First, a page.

Wednesday Walk: When Goliath Becomes David
Welcome to the Quarantine Creatives newsletter, a companion to my podcast of the same name, which explores creativity, art, and big ideas as we continue to live through this pandemic.
Every Wednesday, I share random thoughts and tidbits with links to let you do some exploring. I call these Wednesday Walks, as it’s the type of conversation we might have walking down a path in the woods- the topics are free flowing, sometimes related, sometimes not.
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Happy Wednesday! It was nice to take this past weekend off to have some quality family time. I hope you all had a chance to relax and recharge over the holiday weekend and are back to making awesomeness this week!
When Goliath Becomes David
It seems that the Black Friday deals, lines, and brawls are quickly becoming a thing of the past. Still, my family and I couldn’t resist doing a little shopping on the day after Thanksgiving this year.
We wound up spending a fair amount of time unexpectedly browsing a Barnes and Noble in Fairness Hills, Pennsylvania. I used to love shopping in big box book stores like Barnes and Noble and Borders, but it’s been quite a while since I had really been inside of one for a meaningful visit.
The store that we visited happened to be a major throwback to the 1990s and I immediately found myself snapping photos of the interior. It felt like a strange relic of a bygone era, like stumbling into an operating Planet Hollywood restaurant (there’s still a few) or finding an in-tact Howard Johnson’s hotel building from the 1960s in the wild. It was both familiar and yet also felt like a memory. Real and surreal all at once.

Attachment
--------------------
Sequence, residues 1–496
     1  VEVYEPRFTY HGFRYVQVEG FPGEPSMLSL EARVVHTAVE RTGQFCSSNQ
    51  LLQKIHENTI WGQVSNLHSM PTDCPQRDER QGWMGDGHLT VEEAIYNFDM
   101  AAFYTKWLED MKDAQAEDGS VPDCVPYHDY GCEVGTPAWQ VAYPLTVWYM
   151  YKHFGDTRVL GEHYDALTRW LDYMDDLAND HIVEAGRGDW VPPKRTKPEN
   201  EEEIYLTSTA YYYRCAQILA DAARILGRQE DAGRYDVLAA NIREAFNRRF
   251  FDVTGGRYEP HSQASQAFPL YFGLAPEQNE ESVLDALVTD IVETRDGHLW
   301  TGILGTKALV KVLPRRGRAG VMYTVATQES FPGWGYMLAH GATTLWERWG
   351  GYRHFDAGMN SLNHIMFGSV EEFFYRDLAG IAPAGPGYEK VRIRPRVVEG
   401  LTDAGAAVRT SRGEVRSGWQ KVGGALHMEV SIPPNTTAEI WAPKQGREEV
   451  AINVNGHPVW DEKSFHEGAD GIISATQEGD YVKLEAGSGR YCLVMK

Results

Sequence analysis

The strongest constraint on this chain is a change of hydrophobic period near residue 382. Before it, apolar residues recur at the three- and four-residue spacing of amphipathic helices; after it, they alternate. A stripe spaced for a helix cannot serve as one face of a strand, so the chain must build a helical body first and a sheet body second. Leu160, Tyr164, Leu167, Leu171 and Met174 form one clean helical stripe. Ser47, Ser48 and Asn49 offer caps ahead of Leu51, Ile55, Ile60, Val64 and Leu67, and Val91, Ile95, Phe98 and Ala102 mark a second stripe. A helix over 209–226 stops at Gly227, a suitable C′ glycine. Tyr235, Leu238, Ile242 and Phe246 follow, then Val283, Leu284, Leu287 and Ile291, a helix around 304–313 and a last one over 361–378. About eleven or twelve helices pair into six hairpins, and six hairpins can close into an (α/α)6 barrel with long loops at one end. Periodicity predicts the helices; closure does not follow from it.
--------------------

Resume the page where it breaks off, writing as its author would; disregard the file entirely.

The shopping experience was largely as I remember it. The smell of paper and roasting Starbucks. The covers of classic books blown up and hung on the walls. The kids’ book section adorned with favorite characters from literature and even a little stage.
A store like this, with its two levels jammed with books, used to blow my mind as a teenager. Now, it felt oddly quaint in the era of Amazon. I wanted to root for this bookstore to survive, even if it seemed of a very different era.
As I shared these observations with my wife, she reminded me that it wasn’t very long ago that Barnes and Noble was the Goliath of book sellers, putting locally owned bookshops and smaller mall stores like Waldenbooks out of business. They were the Wal-Mart or Amazon of their day, at least in the book category. Now, they feel more like David than Goliath. Even with more than 600 stores, Barnes and Noble just doesn’t feel as “big” as it once did.